German institutions and Kangnam University bring a new cultural experience to Korea
Built out of twenty-eight ISO cargo containers, Platoon Kunsthalle in Seoul looks part studio, part nightclub. Last night it was the venue for a film music concert: “Nosferatu: A Symphony of Horror.” For Korea, it was a new cultural experience.
Friedrich Wilhelm Murnau’s “Nosferatu” (1922) is generally considered the world’s first horror film. Produced in the age of silent movies, the film is an adaptation of Bram Stoker’s novel “Dracula”. Audience members, however, didn’t watch the movie with a mere soundtrack, but a new original score played by a live orchestra.
The idea for the film concert in Seoul came from Philipp Jundt, professor at the German School of Music Weimar at Kangnam University. He was having dinner with the German Embassy at Platoon when the hall brought back memories. “We actually did quite similar projects in Munich a couple of years ago,” said Jundt. “So when I walked into Platoon, I was kind of remembering this atmosphere from the halls of Munich where we did the same thing.”
The owner of Platoon expressed enthusiasm for the film concert and agreed to provide a third of the funding. Jundt then contacted German film composer Marco Hertenstein, who agreed to write the roughly 90-minute score, despite the two-month deadline.
The German Academic Exchange Program provided another third of the money needed. The German Embassy, Goethe-Institut, and German School of Weimar also contributed. But the future of the project was assured when Kangnam University President Yoon Shin-il agreed to provide the final third of the funding. “It wouldn’t have been possible without the president of Kangnam University, who supported us from the beginning,” said Jundt.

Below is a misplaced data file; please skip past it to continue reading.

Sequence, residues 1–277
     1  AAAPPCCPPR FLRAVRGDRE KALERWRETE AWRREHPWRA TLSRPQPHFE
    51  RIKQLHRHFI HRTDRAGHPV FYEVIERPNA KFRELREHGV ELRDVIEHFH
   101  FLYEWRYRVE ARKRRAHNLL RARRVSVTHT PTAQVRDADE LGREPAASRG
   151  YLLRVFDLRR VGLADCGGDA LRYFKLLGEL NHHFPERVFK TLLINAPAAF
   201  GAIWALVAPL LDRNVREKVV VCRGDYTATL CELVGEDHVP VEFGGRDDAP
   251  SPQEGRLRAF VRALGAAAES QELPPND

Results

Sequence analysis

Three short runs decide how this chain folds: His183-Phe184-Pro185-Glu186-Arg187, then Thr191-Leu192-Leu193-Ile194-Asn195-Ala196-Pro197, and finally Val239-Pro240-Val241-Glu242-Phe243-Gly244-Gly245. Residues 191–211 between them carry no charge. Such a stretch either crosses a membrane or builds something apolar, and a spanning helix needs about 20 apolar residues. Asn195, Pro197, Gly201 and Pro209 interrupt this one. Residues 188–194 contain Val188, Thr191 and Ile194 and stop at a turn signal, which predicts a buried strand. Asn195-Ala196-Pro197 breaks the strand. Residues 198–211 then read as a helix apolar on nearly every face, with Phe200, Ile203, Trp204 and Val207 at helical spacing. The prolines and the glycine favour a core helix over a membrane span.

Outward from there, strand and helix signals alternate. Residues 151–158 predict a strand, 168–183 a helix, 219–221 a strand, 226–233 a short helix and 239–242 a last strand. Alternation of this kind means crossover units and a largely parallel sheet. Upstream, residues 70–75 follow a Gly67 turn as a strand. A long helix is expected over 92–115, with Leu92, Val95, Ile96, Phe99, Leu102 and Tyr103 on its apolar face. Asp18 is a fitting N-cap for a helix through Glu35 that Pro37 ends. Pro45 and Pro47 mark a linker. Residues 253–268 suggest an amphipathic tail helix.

In addition to money, the project had its technical challenges. As the orchestra consisted only of strings and woodwinds, composer Hertenstein had to record the necessary brass and percussion sounds in his studio in Germany. These sounds were played back through large speakers along with the live orchestra. Managing it all was Israeli conductor Itay Dvori. Wearing a pair of earphones that fed him a click track, Dvori brought the film, the recorded sounds, and the live orchestra together in perfect synchronicity.
Bringing in a live brass and percussion section would have been simpler, but much more expensive. Jundt, however, is proud of the way they did it. “That is actually the cool thing about our concert.”
For Dvori, conducting a film concert with a Korean orchestra was exciting. “The cultural-language gap was a challenge to all of us,” he said. “Playing with a click, which is, of course, not a natural way to make music, but usually necessary in film concerts, was also something we all learned from.”
The effort was worthwhile. Hertenstein’s composition took the audience through a musical tour that included Baroque, canons, fugues, up to classical contemporary, and even pop. When conceptualizing the score, Hertenstein thought, “Let’s do the whole music history.”
For those who have never experienced a film concert, one may ask why go through all the effort when movie theaters already have incredible sound systems. “The main goal here,” says Hertenstein, also a professor at the Academy of Music and Theatre Munich, “is to feel it live. If you only have the DVD, you just get fifty-percent of the whole thing. If you go to a concert hall and you listen to Beethoven, Brahms, whatever, it’s an experience. You’re in the room where the music is created.”